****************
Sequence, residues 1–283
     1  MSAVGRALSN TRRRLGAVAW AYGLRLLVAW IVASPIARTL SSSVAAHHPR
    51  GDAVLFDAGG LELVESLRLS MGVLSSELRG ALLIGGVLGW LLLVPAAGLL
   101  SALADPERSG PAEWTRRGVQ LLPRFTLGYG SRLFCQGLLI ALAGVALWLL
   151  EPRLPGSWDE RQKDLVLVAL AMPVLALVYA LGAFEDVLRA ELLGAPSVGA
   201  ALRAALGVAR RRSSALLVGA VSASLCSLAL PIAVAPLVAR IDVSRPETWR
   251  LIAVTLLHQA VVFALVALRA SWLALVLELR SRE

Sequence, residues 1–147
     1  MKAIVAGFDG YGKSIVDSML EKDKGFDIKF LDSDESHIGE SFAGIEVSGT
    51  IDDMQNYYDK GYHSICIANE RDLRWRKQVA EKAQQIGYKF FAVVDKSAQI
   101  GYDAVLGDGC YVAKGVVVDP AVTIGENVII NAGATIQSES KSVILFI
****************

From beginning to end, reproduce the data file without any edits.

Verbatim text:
Sequence, residues 1–283
     1  MSAVGRALSN TRRRLGAVAW AYGLRLLVAW IVASPIARTL SSSVAAHHPR
    51  GDAVLFDAGG LELVESLRLS MGVLSSELRG ALLIGGVLGW LLLVPAAGLL
   101  SALADPERSG PAEWTRRGVQ LLPRFTLGYG SRLFCQGLLI ALAGVALWLL
   151  EPRLPGSWDE RQKDLVLVAL AMPVLALVYA LGAFEDVLRA ELLGAPSVGA
   201  ALRAALGVAR RRSSALLVGA VSASLCSLAL PIAVAPLVAR IDVSRPETWR
   251  LIAVTLLHQA VVFALVALRA SWLALVLELR SRE

Sequence, residues 1–147
     1  MKAIVAGFDG YGKSIVDSML EKDKGFDIKF LDSDESHIGE SFAGIEVSGT
    51  IDDMQNYYDK GYHSICIANE RDLRWRKQVA EKAQQIGYKF FAVVDKSAQI
   101  GYDAVLGDGC YVAKGVVVDP AVTIGENVII NAGATIQSES KSVILFI